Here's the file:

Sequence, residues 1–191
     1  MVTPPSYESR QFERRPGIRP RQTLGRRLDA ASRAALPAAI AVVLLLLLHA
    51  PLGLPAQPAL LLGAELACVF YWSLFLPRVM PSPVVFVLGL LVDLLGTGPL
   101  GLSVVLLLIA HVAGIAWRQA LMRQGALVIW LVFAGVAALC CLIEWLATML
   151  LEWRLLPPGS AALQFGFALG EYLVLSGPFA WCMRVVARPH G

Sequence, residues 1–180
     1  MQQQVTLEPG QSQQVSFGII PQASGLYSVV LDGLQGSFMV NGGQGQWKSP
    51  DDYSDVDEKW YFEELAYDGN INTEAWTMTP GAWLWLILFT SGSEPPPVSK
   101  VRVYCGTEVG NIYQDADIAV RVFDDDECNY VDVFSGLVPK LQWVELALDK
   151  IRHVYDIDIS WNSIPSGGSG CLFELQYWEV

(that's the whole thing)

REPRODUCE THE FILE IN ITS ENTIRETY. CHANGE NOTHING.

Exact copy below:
Sequence, residues 1–191
     1  MVTPPSYESR QFERRPGIRP RQTLGRRLDA ASRAALPAAI AVVLLLLLHA
    51  PLGLPAQPAL LLGAELACVF YWSLFLPRVM PSPVVFVLGL LVDLLGTGPL
   101  GLSVVLLLIA HVAGIAWRQA LMRQGALVIW LVFAGVAALC CLIEWLATML
   151  LEWRLLPPGS AALQFGFALG EYLVLSGPFA WCMRVVARPH G

Sequence, residues 1–180
     1  MQQQVTLEPG QSQQVSFGII PQASGLYSVV LDGLQGSFMV NGGQGQWKSP
    51  DDYSDVDEKW YFEELAYDGN INTEAWTMTP GAWLWLILFT SGSEPPPVSK
   101  VRVYCGTEVG NIYQDADIAV RVFDDDECNY VDVFSGLVPK LQWVELALDK
   151  IRHVYDIDIS WNSIPSGGSG CLFELQYWEV